Friday, November 16, 2012

Year Zero

One of the interesting tidbits I picked up last week while on a business trip to Seoul was that Koreans traditionally start counting their age from one at birth. So say if you born on November 16th in the year 2000, you would be thirteen instead of twelve. The way it was explained to me was that they counted the time you spent in your mother's womb.

The official explanation of their version of East Asian age reckoning explains it in different terms:

Koreans generally refer to their age in units called sal (살), using Korean numerals in ordinal form. Thus, a person is one sal during the first calendar year of life, and ten sal during the tenth calendar year.

The 100th-day anniversary of a baby is called baegil (백일), which literally means "a hundred days" in Korean, and is given a special celebration, marking the survival of what was once a period of high infant mortality. The first anniversary of birth named dol (돌) is likewise celebrated, and given even greater significance. Koreans celebrate their birthdays, even though every Korean gains one 'sal' on New Year's Day.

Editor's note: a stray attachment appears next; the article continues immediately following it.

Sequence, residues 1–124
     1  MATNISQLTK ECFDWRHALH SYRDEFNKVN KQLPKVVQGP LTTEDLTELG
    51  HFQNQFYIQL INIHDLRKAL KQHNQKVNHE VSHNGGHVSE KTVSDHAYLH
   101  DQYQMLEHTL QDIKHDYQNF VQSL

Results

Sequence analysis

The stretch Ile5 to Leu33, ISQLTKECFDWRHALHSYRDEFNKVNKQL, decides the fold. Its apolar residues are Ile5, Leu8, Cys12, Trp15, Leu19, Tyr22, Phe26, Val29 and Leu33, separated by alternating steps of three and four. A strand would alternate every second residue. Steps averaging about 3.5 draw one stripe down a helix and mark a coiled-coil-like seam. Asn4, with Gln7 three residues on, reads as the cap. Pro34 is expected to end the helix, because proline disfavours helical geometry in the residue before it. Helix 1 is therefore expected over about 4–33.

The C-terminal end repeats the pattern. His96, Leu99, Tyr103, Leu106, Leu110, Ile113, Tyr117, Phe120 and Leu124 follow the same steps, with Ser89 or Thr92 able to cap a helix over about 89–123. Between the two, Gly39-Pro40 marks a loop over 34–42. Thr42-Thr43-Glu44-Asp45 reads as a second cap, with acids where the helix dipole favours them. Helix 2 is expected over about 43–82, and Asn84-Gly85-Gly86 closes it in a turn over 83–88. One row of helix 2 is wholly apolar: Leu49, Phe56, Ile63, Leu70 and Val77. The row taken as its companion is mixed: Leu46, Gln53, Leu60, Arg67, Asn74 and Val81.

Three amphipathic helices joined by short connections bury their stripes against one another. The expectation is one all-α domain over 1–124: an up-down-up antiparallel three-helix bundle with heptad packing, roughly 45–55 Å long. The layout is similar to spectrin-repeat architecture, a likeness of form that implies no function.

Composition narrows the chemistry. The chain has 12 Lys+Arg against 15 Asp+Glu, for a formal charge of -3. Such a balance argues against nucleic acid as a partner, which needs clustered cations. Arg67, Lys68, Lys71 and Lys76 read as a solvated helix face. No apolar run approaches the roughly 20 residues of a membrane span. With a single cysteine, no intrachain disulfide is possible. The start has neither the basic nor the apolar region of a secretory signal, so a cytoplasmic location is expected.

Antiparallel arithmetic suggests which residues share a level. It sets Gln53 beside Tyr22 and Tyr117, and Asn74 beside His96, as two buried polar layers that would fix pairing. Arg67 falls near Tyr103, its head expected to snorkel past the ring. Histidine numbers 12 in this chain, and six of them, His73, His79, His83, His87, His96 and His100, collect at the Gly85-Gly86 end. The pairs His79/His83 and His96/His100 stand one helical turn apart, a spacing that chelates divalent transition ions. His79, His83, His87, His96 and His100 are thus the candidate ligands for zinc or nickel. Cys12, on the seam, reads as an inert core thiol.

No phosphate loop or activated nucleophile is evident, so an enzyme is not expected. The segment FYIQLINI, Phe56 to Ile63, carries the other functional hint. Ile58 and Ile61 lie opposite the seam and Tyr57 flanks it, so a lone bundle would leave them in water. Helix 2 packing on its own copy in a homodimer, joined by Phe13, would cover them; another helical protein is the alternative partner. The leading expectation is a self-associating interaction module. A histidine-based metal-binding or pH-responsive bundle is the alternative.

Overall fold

Because the first year comes at birth and the second on the first day of the lunar New Year, a child born, for example, on December 29 (of the lunar calendar) will reach two years of age on Seolnal (Korean New Year), when they are only days old in western reckoning.

In modern Korea the traditional system is most often used. The international age system is referred to as "man-nai" (만나이) in which "man" (만) means "full" or "actual", and "nai" meaning "age". For example, man yeol sal means "full ten years", or "ten years old" in English. The Korean word dol means "years elapsed", identical to the English "years old", but is only used to refer to the first few birthdays. Cheotdol or simply dol refers to the first Western-equivalent birthday, dudol refers to the second, and so on.

As you might expect from such an outlook, South Korea has pretty strict laws against abortion on demand, although regrettably in practice they are apparently rarely enforced.

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